George Bentham had proposed that Scott be made an associate of the Linnean Society (see letter from J. D. Hooker, [before 9 February 1864] and n. 3). The bye-laws restricted associateship to those residing in the British dominions (see letter to John Scott, 9 February [1864] and n.9). Scott was elected a fellow of the Linnean Society in 1873 (R. Desmond 1994).
Hooker refers to Edward Bartlett, son of Abraham Dee Bartlett. At the end of 1864, Bartlett embarked on a four-year exploration of the ‘Upper Amazons’, arriving in Peru in 1865 (Bartlett 1871, p. 217). Captain Prior has not been further identified.
The reference is to Variation; CD was writing the section on ‘Laws of Variation’ between 14 September and 16 November 1864 (see ‘Journal’ (Correspondence vol. 12, Appendix II)).
CD had suggested that Alfred Russel Wallace would be a worthy recipient of the Royal Society’s Gold Medal. See letter to J. D. Hooker, 23 September [1864], and letter from J. D. Hooker, [28 September 1864] and n. 6.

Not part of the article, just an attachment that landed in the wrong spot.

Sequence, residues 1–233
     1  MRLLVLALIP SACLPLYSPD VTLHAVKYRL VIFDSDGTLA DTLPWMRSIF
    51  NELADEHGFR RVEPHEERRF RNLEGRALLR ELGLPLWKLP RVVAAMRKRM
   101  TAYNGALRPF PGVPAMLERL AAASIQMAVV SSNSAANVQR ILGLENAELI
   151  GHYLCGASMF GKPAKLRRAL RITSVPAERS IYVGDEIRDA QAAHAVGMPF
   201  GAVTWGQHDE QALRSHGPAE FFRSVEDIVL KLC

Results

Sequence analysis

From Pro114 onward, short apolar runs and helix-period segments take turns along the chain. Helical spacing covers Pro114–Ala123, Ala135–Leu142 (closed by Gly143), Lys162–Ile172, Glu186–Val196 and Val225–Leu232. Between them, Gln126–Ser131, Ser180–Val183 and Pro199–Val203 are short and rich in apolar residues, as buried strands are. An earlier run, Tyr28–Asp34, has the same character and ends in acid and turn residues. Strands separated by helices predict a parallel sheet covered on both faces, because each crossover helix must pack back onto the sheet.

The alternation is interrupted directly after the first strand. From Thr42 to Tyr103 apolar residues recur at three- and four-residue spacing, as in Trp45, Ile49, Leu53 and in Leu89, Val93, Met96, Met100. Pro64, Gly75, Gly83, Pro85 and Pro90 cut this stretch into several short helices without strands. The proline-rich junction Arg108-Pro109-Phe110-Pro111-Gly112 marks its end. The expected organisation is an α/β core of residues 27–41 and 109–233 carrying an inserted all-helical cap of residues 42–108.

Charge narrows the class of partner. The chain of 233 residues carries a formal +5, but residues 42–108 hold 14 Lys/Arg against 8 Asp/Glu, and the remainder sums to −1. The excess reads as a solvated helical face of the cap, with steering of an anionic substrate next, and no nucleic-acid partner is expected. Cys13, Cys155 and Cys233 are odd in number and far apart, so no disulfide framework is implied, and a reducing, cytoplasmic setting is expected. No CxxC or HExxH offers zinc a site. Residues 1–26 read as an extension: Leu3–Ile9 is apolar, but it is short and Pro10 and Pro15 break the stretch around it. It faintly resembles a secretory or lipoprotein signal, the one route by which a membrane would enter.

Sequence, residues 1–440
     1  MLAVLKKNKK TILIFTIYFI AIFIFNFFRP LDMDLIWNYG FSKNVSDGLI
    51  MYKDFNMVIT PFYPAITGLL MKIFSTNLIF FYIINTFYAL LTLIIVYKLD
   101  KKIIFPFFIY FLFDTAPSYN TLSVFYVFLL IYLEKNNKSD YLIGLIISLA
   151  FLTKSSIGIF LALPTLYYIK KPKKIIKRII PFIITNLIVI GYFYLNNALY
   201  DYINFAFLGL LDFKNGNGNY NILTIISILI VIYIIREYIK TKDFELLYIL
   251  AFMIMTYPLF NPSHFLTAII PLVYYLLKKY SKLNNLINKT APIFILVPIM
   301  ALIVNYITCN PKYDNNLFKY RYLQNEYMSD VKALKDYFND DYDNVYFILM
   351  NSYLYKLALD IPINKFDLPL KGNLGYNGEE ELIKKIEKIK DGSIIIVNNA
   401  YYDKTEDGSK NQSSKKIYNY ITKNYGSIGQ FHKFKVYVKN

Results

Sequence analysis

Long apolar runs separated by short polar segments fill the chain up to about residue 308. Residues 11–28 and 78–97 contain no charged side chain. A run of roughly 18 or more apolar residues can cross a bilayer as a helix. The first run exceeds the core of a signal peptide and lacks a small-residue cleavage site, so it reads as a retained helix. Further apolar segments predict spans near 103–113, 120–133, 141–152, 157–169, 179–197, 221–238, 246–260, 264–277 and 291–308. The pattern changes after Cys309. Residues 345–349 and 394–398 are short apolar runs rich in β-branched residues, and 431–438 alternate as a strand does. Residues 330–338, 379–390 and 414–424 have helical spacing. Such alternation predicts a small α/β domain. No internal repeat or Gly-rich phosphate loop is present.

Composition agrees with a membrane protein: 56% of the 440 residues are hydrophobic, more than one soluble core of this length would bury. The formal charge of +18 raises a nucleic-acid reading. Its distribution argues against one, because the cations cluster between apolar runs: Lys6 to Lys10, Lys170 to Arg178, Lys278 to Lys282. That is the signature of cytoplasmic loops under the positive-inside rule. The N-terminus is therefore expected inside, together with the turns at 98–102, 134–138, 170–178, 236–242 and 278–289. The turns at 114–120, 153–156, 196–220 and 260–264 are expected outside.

The reference is to Jacob Augustus Lockhart Clarke. See also n. 24, below.
CD had asked Hooker to send him two or three pollen-masses from any Stanhopea in flower (see letter to J. D. Hooker, 22 October [1864] and n. 9).
John Smith (1821–88), formerly gardener at Syon House, Middlesex, had been appointed the new curator of the Royal Botanic Gardens, Kew, in March 1864 (see letters from J. D. Hooker, 16 February 1864 and 29 March 1864). On the need for reform at the gardens, see the letters from J. D. Hooker, [2 April 1864], and [4 June 1864].